From Skiing in Austria to a bed in the Hospital (Twice) in 6 months …!

So, if any of you have read my page on my love of snowboarding you will no doubt be fully aware of my trials and tribulations as a Snowboarder with fractured Coccyx and painful recovery. Well, you will also no doubt be kind of familiar with my most recent situation having visited Austria for a week of Winter Sports, where I decided to leave the board in its bag and take to the skis instead? This is a post based on my path to recovery having been through keyhole surgery to have the torn meniscus repaired to only then find out that the knee cap was shot and required replacement and I continue with the events from attending hospital on day 1 in the hope that anyone who is perhaps going through similar either now or at some point in the future will have an ideas of what to expect. Although the medical staff provide you with leaflets and oral information to enable you to understand as much as possible, it is not until after the event and on reflection that you realise there were aspects that they either chose not to tell you because to them it perhaps paled into insignificance or they genuinely forgot. So, I thought I would take this opportunity here to add in an account of my experience to possibly support others.

24 hours or so following the actual op and sat upright in my bed on the ward is when I actually wrote most of this and decided to log onto a Facebook Group for knee surgery that was set up in America to support others with the similar situations that like-minded people found themselves in. In all honesty, as good and as supportive I found the group I also found it somewhat troublesome in that there was a lot of jargon from “across the pond” that I was not familiar with, there was reference to procedures and medicines that just didn’t make any sense so on coming out of hospital I set up my own support group for knee surgery, recovery and other issues based and aimed at people in the UK.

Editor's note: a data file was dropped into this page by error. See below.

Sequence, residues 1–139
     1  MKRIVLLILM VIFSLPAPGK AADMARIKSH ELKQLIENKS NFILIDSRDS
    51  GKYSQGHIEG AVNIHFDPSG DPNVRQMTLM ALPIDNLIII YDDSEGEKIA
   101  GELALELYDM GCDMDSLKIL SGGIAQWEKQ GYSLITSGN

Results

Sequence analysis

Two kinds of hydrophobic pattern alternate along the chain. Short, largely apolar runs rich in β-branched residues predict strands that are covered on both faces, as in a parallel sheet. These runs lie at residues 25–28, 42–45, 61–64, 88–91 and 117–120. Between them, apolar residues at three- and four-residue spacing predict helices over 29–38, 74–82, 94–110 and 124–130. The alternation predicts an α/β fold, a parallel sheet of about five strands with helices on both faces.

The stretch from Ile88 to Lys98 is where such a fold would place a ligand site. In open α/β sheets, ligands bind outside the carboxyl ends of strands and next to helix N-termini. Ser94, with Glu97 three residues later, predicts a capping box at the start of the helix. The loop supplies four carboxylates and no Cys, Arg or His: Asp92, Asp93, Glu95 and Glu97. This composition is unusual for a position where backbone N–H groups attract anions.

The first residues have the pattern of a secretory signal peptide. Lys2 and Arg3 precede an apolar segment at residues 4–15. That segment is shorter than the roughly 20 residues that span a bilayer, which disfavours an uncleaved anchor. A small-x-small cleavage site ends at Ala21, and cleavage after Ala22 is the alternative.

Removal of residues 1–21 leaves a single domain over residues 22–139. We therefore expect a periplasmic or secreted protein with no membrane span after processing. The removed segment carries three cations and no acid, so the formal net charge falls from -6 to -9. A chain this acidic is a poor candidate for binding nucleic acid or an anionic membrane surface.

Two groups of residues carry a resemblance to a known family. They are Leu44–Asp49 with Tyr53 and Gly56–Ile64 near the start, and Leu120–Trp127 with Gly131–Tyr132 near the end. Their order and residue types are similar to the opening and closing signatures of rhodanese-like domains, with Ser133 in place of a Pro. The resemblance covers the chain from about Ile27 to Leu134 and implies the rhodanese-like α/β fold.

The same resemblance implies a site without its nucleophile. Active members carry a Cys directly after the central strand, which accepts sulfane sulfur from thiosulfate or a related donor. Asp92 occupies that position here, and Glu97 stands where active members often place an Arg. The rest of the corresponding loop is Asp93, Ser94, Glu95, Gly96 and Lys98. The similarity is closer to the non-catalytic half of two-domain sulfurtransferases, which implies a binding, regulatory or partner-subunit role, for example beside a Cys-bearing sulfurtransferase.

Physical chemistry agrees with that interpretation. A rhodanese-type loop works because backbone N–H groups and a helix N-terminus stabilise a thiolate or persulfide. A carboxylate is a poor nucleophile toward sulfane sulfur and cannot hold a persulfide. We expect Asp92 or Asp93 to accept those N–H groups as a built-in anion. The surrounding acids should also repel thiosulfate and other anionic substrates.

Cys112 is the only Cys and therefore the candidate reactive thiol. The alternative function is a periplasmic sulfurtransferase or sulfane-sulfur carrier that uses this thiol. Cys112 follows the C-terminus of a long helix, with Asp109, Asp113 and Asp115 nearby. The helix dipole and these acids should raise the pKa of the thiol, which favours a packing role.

18/8/15 – Day 1:
Admitted to hospital for elective surgery to replace left knee patella and fit plate to femur. A procedure known as Patellofemoral Joint Replacement or PKR Partial Knee Replacement.
Admitted at 08:00, taken to theatre at 10:30, prepped with spinal block and rolled in at 11:00.
Had surgery, awake but sedated throughout until final closure and the last thing I remember was the Anaesthetist shouting “Paul, Paul you need to breathe” “Wake up and breathe for me, 1 breath, 2 breath, 3 ….”
Knee Bandage Post OpI then came round on the ward with the usual checks, tea and toast. Came back from theatre with a morphine pump, I now believe to be known as a PCA or Patient Controlled Analgesia, which was doing its best to keep the pain at bay. Managed to sit up and have tea and then the excruciating onset of pain whereby I felt as though my whole left leg from the thigh down below the knee was going to explode under severe pressure as everything inside seemed to be bursting to get outside and run for the hills.
First morphine pump expended, second set up as well as a second drip of saline and constant oxygen to try and raise the SATS that were being depleted by the morphine.
Got through the night – somehow! Although it was very painful and consisted of a lot of moaning and groaning and quite possibly annoying my three fellow sufferers in the same room.

19/8/15 – Day 2:
Pain still as bad and on a level of 6/10 at best and 10/10 at worst. Pump taken down and replaced with morphine based tablets known as Oxycontin. Pain continued all day as did the sickness feeling and the expectation any time soon that my leg was going to explode into a million pieces. Surgeon came to see me and said that he is very surprised that I am in so much pain after this time and that normally people stop having pain after 24hours. He got me out of bed to sit in the chair and asked me to bend my leg to 90 degrees. This was extremely painful and I could only manage about 20 degrees until the pain was too great to bare. He took hold of my leg and pushed it to a 90 degree bend, which, let me tell you was far from fun and he came close to being “forcibly removed from my personal space quite quickly2. Not that I am an aggressive person or that I disrespect anyone in the medical profession, especially one so gifted as to replace my knee cap and hopefully allow me to walk properly again but I defy anyone who is subjected to that much pain so soon after surgery not to feel a little “put out”! In hindsight it was the right thing he had done as I was being afraid to bend my leg due to the fact that it was painful and also because I did not know if I would be doing more harm or good by pushing it. He confirmed in his “manipulation” and demonstration of what he was expecting from me that there was indeed no further damage I could do.